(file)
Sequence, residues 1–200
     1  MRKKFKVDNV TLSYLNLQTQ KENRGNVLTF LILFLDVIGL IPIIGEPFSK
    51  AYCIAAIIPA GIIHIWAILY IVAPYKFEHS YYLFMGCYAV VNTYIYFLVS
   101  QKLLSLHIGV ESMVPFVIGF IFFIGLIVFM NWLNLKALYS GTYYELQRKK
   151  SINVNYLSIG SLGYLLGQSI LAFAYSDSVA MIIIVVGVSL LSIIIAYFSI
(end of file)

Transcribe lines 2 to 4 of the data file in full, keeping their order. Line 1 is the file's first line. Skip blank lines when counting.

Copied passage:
     1  MRKKFKVDNV TLSYLNLQTQ KENRGNVLTF LILFLDVIGL IPIIGEPFSK
    51  AYCIAAIIPA GIIHIWAILY IVAPYKFEHS YYLFMGCYAV VNTYIYFLVS
   101  QKLLSLHIGV ESMVPFVIGF IFFIGLIVFM NWLNLKALYS GTYYELQRKK